Dave Galanter
December 1st 1969 - December 12th 2020
He was loved.

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Member Since: Sat May 17, 2008
Posts: 1,431
Subj: Negative Review of LONG HALLOWEEN
Posted: Fri Jun 04, 2021 at 01:29:09 pm EDT (Viewed 144 times)

Call me a negative nelly, but sometimes I love when sacred cows are skewered!

Here is a great review:

The Long Halloween is a highly regarded Batman saga which helped establish Jeph Loeb and Tim Sale as an IT pairing in comicdom. Mixing brooding psychological insight, with film noire archetypes of gangsters, plus various super villains, while also re-telling the tragic origin of Two-Face, The Long Halloween is regarded as something of a modern classic.

If only it were so.

Why mince words? The Long Halloween is a thinly plotted, occasionally illogical, exercise in style over substance, where even the "characterization" is wanting. Stranger still, it's a mystery which, like with Hush, doesn't make a whole lot of sense, offers almost no clues, and which, when resolved, leaves you more puzzled than you were to begin with.

It's a "mystery" in which Batman and his colleagues seem to do almost no actual investigating -- there are no clues to be sifted, no alibis to be verified. Mid-way through the series the characters recap what they know -- and you realize there's been almost no progression since the first issue! As well, Loeb just seems to pick things up and drop them willy nilly. The Riddler appears in an issue and sees something, then disappears from the story. Next to nothing is said about him for the next few issues, until Batman suddenly tracks him down in a bar, determined he saw something relevant. Huh? If the Riddler had a relevant clue, why didn't Batman track him down earlier -- why wait 4 chapters (and, in Batman's time, four whole months!) before pursuing the matter? Worse...the Riddler doesn't offer much that was relevant -- save a cryptic line that, perhaps, Loeb saw as a clue. But in order for it to work, we need to believe in it, we need to understand how the Riddler knew -- or inferred -- what he knew. There's another sequence -- irrelevant to the main case -- where the Roman hires some super villains to knock over a bank and Batman instantly concludes the Roman is behind it -- but why?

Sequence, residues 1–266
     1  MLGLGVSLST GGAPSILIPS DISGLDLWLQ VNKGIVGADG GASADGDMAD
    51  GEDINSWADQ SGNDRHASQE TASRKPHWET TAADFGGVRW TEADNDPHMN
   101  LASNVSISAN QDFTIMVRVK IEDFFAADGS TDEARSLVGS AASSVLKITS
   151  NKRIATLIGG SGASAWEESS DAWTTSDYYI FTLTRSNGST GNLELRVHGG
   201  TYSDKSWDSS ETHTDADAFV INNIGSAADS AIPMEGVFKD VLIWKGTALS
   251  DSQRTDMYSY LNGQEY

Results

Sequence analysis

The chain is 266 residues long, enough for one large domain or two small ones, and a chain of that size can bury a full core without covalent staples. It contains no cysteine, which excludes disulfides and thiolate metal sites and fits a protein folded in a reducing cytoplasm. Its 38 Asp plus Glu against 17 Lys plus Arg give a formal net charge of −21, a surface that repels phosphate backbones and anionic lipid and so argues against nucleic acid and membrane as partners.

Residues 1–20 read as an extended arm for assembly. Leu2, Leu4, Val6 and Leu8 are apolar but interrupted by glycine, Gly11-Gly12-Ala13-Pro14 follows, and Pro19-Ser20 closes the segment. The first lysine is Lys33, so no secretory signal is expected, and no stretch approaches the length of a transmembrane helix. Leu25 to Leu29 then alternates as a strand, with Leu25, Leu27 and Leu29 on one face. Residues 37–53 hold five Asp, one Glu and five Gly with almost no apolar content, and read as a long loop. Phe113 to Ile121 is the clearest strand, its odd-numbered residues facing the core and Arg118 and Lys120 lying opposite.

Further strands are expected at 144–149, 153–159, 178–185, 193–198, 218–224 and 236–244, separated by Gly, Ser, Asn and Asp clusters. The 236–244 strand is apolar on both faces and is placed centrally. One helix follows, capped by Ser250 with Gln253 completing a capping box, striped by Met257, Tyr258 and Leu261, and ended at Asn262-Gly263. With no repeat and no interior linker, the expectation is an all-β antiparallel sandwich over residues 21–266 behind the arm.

Another example of illogical plotting is a sub-plot wherein Harvey Dent suspects Bruce Wayne is connected to the Roman, and pursues it to the point where Bruce is actually arrested and put on trial -- except it's never explained with what "crime" Bruce is being charged! It's preposterous!!! Of course, comics writers have long been notorious for their inability to understand the law. (And, as if Loeb himself realized it made no sense, after threading it through a number of issues, he drops it with just a single line!)